7. Shirley Nyman Harris, Various papers copied and sent to DZStevens in August 2003, Letter from Brodhead Independent Register.

    Mr T J Balis gives a few particulars concerning his son's death, Mr. John Balis.

    "Mr. John Balis, when taken ill was aobut 150 miles from home, having gone in performance of his duty as constable to reciover some horses which had been wrongfully hidden away. After a journey of about 100 miles by rail he was compelled to drive across the country, some sixty miles, and taking cold, was attacked by pneumonia. He managed to get back as far as the railroad when his friend, Judge Kent, came for him and took him home to Orleans, reaching there on Thursday, and Mr. Balis died the following Monday morning about 6 o'clock."

    Mr. T. J. Balis reached the place on Wednesday and the funeral services were held on Thursday. As soon as he can settle up both his own and his son's business he will return to Brodhead bringing with him his six orphaned grandchildren. Mr. Balis was a member of the Order of United Workmen, and his children will promptly receive from that association, his insurance of $ 2000.

  8. Nyman, Ina-letter to Dianne Stevens dated 2/26/1984.
  9. Poems by Mary L. Derrick Balis.

    To the Memory of "Grandma Balis"
    Died Dec. 19, 1881, aged 80 years.


    Straightened at last the crippled limbs,
    Folded in rest the weary hands,
    Another angel near God's throne,
    Happiest of all the angel band.


    Weary, and faint, and sick, below,
    Yet waiting with patience the Master's will;
    Wondering why others were called to go,
    While she, so willing, should linger still.

    Full of good works, her simple life,
    Full of firm faith, her trusting heart;
    Her gentle words disarmed all strife.
    And took from the bitterest wound its smart.

    The Lord was her comfort, her strength, her trust,

    Her "Rock of Refuge" in time of need,
    Tho' the poor,weak body will crumble to dust,
    She leaned, we know on no broken reed.

    And we feel she has gone to her sure reward
    In heaven, where "The ransomed and angels be,"
    For "Blessed are they who die in the Lord,"
    And we truly can say, Of such was she.

    M. L. Balis
    Orleans Nebraska
    Jan. 9th, 1882


    RESTING HOURS

    By
    Bittersweet

    The hour has come, the evening hour,
    The one of all I love the best,
    When quiet reigns with subtle power,
    And mind and hands, alike may rest.

    In restful sleep the children lay.
    Each snugly nestled in his place,
    And lines of care formed through the day,
    This resting hour must new erase.

    Let every care be now forgot,
    I'll simply rest, and dream, and think,
    Life's toil and worry reach me not,
    A cup unadorned, but sweet, I drink.

    I wander through green fields where none
    Can see the wonders that I see,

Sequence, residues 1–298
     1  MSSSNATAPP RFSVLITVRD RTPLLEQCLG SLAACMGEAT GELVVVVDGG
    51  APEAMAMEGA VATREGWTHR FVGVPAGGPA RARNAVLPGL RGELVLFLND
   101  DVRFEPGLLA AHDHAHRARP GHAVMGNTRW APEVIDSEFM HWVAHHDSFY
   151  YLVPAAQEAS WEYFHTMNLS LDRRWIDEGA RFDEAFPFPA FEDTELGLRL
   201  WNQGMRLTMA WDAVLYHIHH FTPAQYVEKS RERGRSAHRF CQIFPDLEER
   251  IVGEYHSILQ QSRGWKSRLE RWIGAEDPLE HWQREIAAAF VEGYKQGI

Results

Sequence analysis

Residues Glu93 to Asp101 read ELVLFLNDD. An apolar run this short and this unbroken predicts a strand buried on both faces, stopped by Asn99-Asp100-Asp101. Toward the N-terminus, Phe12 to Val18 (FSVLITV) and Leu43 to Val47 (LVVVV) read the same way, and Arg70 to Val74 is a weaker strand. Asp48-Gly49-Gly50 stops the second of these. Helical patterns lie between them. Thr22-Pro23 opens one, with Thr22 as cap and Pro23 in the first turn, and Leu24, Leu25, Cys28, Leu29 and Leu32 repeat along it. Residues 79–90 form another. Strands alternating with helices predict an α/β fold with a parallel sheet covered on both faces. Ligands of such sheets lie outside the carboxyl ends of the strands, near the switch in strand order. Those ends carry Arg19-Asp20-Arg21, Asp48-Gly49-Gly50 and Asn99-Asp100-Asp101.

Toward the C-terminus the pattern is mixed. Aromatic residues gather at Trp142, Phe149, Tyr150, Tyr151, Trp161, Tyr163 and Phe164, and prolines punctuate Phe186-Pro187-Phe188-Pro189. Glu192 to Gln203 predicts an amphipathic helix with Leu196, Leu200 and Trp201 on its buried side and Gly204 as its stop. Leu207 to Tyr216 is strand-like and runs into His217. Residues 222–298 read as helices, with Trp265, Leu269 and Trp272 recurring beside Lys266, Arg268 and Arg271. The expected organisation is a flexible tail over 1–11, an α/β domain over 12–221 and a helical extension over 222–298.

Where bloom the flowers, and shines the sun
    But only bloom and shine for me.

    No other hand may pluck the flowers,
    No other eyes may see the light,
    But in the evening, resting hours,
    I see this scene so fair and bright

    I sit beside soft flowing streams,
    And weave sweet fancies, weird and rare,
    I sing with ease, of unknown themes,
    And laurel blossoms deck my hair.

    And when my resting hour is o'er,
    I wake refreshed and full of hope,
    lfind life's burdens less a bore,
    With daily care I'm strong to cope.

    So while I journey on life's way
    And pluck alike both thorns and flowers,
    I'll thank my God that every day,
    He gives to me these resting hours.

    "Ina Maude Balis, daughter of John and Mary Derrick Balis, died November 20, 1884. born July 3, 1884, age 3 months and 21 days, buried at Orleans, Nebraska.

    A verse written by her mother, Mary Derrick Balis:

    God looking down from heaven
    Saw our Ina, sweet and fair.
    'She is too pure for earth,' He said,
    'I'll take her to my care.'
    And while we grieve that God should take
    The treasure He had given
    Her tiny hands still hold the charm
    To draw our souls to heaven."



    Verse written by Mary Derrick Balis on the death of three little girl Derrick cousins between May and October 1884.

    "To the Memory of little Susie, May, and Ina - by One who Loved them all

    Twas in a garden where bright flowers bloom
    And noxious weeds forever were upspringing.
    The air was heavy with sweet perfume
    But poisonous breaths the weeds were ever bringing.

    Three lilly buds upon their parent stems
    Received the gardeners ever watchful care.
    He cherished as misers do their gems
    And sheltered them from each rude breath of air.

    And as he watched each petal, pure, unfold,
    He loved them more with each discovered grace,
    Until he thought, No other hand more bold
    Must pluck my flowers from their growing place.

    I must at least have one. Which shall it be?
    The one half open with its pearly leaves
    Half hiding, half disclosing, promises to me
    That makes its plucking sore to grieve?

    But should I leave it - that I cannot do.
    I must have one. He broke it from its stem
    Then turning, gazed upon the other two.
    "I must have all!" he cried. "I must have them!"

    "The one almost a lily bloom
    The one a tiny bud, so fair and sweet."
    He left the garden all in the deepest gloom
    And took his treasure to the Master's feet.

    "Master, behold these lovely buds I bring.